A gas leak inside a Ralston home forced an emergency shutoff over the weekend, but the homeowner was fired up after being told he would have to pay for repairs, not the utility company.
A new meter was installed so Black Hills Energy could make readings from the street, but Robert Iltzsch claims that caused the gas leak inside his house. “From them twisting and turning on this pipe.”
Black Hills responded quickly to shut off the gas, but not take responsibility for repairs. “It’s not their responsibility for pipes inside the house. I'm going to have to pay somebody in town to come in and fix the pipe, tighten it down. It’s not fair.” So the family spent about three days with no hot water and cold food. “Ice cold water."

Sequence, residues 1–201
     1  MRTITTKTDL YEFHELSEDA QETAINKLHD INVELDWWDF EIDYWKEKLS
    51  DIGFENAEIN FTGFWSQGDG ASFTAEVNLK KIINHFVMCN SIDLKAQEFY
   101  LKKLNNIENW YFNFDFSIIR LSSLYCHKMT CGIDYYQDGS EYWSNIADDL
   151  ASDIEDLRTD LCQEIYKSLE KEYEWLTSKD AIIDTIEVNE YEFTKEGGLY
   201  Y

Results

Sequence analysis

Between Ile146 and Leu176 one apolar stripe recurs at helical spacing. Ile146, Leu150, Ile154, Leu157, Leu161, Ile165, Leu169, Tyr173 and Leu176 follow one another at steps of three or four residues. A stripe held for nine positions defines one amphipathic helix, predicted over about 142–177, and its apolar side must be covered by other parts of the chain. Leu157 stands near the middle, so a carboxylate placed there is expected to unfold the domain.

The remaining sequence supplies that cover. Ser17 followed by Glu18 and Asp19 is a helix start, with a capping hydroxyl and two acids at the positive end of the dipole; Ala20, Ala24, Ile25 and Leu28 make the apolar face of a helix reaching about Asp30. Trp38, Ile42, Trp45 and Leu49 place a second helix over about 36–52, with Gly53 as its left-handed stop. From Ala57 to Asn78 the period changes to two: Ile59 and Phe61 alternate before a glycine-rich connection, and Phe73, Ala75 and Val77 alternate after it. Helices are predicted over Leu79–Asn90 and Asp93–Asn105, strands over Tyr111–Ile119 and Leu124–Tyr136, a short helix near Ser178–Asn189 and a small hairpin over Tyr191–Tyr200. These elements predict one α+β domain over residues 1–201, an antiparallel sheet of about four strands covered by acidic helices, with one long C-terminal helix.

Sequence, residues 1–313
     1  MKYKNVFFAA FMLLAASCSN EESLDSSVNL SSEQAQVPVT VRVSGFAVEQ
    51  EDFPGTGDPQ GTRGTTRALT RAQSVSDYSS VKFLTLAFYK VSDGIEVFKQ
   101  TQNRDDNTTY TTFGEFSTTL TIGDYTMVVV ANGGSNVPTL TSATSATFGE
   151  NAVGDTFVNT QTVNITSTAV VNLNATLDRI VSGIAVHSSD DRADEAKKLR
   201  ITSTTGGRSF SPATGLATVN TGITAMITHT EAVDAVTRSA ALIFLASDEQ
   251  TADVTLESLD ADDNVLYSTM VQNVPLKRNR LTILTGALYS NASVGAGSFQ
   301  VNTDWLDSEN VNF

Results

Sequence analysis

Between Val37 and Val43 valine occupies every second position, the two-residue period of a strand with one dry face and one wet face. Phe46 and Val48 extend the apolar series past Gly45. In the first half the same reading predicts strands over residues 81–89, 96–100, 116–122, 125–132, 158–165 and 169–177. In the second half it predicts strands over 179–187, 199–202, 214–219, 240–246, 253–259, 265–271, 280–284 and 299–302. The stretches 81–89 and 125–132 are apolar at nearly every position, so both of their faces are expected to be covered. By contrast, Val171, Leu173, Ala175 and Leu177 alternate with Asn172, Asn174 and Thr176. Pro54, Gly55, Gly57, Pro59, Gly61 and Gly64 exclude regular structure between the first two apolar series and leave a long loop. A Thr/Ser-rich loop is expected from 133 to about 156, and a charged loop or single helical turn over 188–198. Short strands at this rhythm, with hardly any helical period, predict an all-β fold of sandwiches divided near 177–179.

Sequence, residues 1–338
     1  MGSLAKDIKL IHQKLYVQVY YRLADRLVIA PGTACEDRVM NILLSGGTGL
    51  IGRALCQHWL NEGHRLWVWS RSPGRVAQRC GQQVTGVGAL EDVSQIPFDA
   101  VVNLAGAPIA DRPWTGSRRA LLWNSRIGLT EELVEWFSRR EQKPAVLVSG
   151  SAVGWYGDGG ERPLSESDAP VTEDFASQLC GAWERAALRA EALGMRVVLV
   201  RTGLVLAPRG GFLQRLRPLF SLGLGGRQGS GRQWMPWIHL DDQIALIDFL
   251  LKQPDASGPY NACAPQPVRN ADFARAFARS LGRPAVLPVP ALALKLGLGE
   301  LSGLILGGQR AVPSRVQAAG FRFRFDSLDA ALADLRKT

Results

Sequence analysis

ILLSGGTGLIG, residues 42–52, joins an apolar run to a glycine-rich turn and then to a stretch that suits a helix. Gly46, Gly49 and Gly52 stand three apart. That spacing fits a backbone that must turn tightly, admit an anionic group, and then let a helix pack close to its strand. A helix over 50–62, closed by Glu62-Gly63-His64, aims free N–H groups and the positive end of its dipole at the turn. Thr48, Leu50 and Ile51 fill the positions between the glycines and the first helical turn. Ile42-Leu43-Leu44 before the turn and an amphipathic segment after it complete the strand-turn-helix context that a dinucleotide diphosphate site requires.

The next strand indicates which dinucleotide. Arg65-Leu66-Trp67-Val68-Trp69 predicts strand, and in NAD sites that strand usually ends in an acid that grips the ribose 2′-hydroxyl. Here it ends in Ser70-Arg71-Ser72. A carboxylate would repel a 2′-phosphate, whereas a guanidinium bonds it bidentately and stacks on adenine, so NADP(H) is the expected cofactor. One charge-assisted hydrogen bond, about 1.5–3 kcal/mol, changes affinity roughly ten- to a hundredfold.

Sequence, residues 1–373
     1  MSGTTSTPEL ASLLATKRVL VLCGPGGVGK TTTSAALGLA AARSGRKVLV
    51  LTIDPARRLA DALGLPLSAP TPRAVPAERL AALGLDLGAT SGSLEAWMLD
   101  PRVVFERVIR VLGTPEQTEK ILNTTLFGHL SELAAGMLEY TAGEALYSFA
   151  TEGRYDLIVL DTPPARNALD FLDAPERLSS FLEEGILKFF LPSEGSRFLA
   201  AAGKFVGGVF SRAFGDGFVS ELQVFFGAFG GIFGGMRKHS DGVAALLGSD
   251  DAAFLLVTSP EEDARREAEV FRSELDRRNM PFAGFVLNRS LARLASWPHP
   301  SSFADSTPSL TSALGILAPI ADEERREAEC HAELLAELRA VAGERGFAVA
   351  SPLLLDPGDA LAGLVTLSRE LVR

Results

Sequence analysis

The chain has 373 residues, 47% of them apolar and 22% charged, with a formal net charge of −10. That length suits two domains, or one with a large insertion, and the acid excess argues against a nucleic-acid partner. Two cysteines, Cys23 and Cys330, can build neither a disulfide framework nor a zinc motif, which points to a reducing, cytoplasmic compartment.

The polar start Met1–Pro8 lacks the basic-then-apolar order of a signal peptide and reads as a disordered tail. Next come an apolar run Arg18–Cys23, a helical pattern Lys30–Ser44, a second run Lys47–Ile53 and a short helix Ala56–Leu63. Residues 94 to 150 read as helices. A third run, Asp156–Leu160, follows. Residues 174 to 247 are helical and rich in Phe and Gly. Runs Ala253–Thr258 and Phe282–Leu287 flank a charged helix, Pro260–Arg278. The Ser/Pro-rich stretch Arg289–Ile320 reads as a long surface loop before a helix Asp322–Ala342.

The family had to eat out for several nights because when you turned on the stove all you heard was the igniter. Without gas coming in they couldn't fire it up to cook.
Black Hills drew the line on repair responsibility. “This from here in is the customer piping,” says Kevin Jarosz of Black Hills Energy. But after a call from Fact Finders, Black Hills Energy sent out a repairman to make sure the home has a solid line inside and out so gas service could be restored.
“We did know it was caused by something we did earlier, which was speculated or whether it was existing, so rather than worry about that we just wanted to make sure it was taken care of,” says Jarosz.
Repairs at no charge to him, Iltzsch was glad it was no pipe dream. “No, they're going to take care of it all.”
Black Hills Energy is halfway through installing about 37,000 mobile meter reading devices. The operations manager says customers shouldn't have any safety concerns, but a crew will respond to calls around the clock.